Since blood is a moving biological fluid in vivo, it is important to study thrombosis formation in vitro under physiological flow conditions.;To achieve this objective, we seek to develop methods that meet the following criteria in an attempt to mimic in vivo fluid dynamics, molecular transport, and biochemistry: 1) flow channels with physiologically relevant length scales, 2) the ability to introduce soluble molecules with spatial and temporal control, and 3) the ability to pattern surface molecules with spatial control. These criteria can be achieved using standard microfluidic methods. In addition, the small size of microfluidic channels can be utilized to measure hundreds of physical and biochemical interactions on a single device during a single experiment. This feature of microfluidics lends itself to combinatorial studies of pro- and anti-coagulant molecules that are typically done in well-plate assays under static conditions.
The Diamond Lab has developed a novel membrane based microfluidic device for studying the flux of pro-coagulant molecules (thrombin, ADP, thromboxane A2) into flowing blood. This device is being used to characterize fibrin formation as a function of thrombin flux and to investigate the stability of thrombi formed under varying agonist combinations.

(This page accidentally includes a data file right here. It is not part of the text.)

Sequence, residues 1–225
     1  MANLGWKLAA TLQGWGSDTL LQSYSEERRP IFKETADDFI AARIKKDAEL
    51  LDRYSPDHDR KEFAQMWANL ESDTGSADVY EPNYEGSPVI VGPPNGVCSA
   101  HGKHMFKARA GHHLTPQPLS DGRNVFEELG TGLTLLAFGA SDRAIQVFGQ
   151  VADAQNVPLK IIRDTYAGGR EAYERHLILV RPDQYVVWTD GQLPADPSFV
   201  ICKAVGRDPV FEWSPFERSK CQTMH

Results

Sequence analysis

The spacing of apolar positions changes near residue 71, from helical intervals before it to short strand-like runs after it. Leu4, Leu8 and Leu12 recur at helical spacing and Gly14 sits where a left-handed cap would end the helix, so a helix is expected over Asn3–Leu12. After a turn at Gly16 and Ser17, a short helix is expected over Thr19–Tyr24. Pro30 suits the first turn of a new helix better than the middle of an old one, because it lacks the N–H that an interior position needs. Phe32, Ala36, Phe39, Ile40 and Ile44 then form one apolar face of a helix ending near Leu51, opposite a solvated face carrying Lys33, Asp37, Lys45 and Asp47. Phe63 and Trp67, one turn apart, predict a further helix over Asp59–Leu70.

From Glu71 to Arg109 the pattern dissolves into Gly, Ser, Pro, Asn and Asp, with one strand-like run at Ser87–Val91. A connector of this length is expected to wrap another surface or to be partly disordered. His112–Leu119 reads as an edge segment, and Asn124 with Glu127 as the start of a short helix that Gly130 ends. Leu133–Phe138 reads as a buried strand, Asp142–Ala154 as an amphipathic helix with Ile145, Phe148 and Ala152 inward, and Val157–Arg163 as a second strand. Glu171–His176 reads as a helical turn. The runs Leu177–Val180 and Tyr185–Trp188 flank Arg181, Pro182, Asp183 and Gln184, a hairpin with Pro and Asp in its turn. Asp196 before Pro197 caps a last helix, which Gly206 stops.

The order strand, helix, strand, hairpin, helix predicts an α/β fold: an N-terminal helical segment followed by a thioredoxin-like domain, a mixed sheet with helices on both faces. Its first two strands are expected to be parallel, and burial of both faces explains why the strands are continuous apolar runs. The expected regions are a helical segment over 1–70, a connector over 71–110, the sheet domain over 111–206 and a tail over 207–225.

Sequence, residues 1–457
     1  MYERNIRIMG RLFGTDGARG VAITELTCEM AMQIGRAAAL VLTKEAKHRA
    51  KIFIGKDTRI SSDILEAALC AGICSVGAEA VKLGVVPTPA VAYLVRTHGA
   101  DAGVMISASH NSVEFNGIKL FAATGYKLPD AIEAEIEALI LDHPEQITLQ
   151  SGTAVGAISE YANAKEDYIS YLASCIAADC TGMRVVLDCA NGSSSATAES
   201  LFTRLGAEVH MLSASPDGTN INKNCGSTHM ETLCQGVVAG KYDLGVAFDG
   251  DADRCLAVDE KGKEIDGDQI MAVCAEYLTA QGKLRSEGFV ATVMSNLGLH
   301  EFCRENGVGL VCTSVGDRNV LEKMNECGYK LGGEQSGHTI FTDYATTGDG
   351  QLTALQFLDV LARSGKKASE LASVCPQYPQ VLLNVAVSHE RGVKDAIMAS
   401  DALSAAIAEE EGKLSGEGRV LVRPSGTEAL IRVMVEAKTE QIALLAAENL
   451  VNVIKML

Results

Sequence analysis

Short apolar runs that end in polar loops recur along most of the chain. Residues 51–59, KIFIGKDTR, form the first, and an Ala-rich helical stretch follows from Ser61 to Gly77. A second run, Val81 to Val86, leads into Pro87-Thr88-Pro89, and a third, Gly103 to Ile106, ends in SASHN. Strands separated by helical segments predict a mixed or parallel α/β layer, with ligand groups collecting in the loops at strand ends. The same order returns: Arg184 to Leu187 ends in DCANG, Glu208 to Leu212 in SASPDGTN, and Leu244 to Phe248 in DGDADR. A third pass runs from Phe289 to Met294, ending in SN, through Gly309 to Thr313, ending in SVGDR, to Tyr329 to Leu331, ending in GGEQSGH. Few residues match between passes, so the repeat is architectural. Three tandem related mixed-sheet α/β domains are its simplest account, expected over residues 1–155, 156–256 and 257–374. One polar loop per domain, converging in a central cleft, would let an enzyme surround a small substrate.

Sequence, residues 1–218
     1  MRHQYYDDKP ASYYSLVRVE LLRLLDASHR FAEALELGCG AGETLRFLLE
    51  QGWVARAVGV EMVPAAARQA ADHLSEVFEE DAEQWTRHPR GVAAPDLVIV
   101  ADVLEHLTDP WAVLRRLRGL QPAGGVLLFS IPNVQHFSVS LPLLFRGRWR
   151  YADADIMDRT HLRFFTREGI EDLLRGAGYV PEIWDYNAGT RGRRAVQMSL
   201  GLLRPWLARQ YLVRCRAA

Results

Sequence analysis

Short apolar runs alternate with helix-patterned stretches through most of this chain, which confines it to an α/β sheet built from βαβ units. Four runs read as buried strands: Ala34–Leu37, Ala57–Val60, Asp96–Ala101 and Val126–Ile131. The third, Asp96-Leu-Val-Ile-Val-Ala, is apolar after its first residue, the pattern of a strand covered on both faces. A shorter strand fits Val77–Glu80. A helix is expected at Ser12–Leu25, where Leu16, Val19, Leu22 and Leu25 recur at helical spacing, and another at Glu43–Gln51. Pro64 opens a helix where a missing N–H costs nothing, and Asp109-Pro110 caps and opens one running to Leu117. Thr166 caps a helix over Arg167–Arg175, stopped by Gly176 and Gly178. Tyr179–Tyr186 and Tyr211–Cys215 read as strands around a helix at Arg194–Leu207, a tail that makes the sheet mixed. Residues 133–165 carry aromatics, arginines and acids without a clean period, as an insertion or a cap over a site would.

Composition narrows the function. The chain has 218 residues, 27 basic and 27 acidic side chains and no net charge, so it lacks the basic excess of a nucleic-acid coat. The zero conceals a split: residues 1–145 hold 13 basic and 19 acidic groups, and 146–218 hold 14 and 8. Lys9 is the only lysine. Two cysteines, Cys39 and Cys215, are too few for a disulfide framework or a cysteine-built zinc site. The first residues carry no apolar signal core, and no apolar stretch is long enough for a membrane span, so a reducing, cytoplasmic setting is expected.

Neeves KB, Diamond SL. A membrane-based microfluidic device for controlling the flux of platelet agonists into flowing blood. Lab Chip. 2008 May;8(5):701-9. Epub 2008 Apr 3.
Okorie UM, Denney WS, Chatterjee MS, Neeves KB, Diamond SL. Determination of surface tissue factor thresholds that trigger coagulation at venous and arterial shear rates: amplification of 100 fM circulating tissue factor requires flow. Blood. 2008 Apr 1;111(7):3507-13. Epub 2008 Jan 18.
Neeves KB, Maloney SF, Fong KP, Schmaier AA, Kahn ML, Brass LF, Diamond SL. Microfluidic focal thrombosis model for measuring murine platelet deposition and stability: PAR4 signaling enhances shear-resistance of platelet aggregates.
J Thromb Haemost. 2008 Oct 7.
Wong EY, Diamond SL. Enzyme microarrays assembled by acoustic dispensing technology.
Anal Biochem. 2008 Oct 1;381(1):101-6.
Diamond SL, Lawrence MB, Neelamegham S. Harry L. Goldsmith, Ph.d.
Ann Biomed Eng. 2008 Apr;36(4):523-6.
Wong EY, Diamond SL.Advancing Microarray Assembly with Acoustic Dispensing Technology. Anal Chem. 2008 Nov 26.